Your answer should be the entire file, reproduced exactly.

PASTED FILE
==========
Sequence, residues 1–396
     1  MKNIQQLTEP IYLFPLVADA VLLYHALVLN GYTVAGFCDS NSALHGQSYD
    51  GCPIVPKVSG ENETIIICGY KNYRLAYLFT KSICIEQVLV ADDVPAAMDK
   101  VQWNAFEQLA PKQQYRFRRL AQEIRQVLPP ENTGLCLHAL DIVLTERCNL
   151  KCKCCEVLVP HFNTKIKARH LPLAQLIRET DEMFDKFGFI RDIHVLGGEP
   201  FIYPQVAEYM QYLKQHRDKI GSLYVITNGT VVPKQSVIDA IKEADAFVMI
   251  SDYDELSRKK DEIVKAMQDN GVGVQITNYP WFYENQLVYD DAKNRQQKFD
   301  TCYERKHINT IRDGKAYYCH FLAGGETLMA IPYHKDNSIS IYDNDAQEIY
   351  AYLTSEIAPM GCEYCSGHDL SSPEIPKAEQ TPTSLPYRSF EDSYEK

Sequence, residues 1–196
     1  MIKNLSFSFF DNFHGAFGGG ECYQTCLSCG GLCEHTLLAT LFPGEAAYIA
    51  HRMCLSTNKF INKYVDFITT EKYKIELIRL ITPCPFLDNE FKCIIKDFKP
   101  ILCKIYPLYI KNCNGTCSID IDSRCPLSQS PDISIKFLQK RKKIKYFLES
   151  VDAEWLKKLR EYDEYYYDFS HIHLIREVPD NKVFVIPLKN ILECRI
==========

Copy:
Sequence, residues 1–396
     1  MKNIQQLTEP IYLFPLVADA VLLYHALVLN GYTVAGFCDS NSALHGQSYD
    51  GCPIVPKVSG ENETIIICGY KNYRLAYLFT KSICIEQVLV ADDVPAAMDK
   101  VQWNAFEQLA PKQQYRFRRL AQEIRQVLPP ENTGLCLHAL DIVLTERCNL
   151  KCKCCEVLVP HFNTKIKARH LPLAQLIRET DEMFDKFGFI RDIHVLGGEP
   201  FIYPQVAEYM QYLKQHRDKI GSLYVITNGT VVPKQSVIDA IKEADAFVMI
   251  SDYDELSRKK DEIVKAMQDN GVGVQITNYP WFYENQLVYD DAKNRQQKFD
   301  TCYERKHINT IRDGKAYYCH FLAGGETLMA IPYHKDNSIS IYDNDAQEIY
   351  AYLTSEIAPM GCEYCSGHDL SSPEIPKAEQ TPTSLPYRSF EDSYEK

Sequence, residues 1–196
     1  MIKNLSFSFF DNFHGAFGGG ECYQTCLSCG GLCEHTLLAT LFPGEAAYIA
    51  HRMCLSTNKF INKYVDFITT EKYKIELIRL ITPCPFLDNE FKCIIKDFKP
   101  ILCKIYPLYI KNCNGTCSID IDSRCPLSQS PDISIKFLQK RKKIKYFLES
   151  VDAEWLKKLR EYDEYYYDFS HIHLIREVPD NKVFVIPLKN ILECRI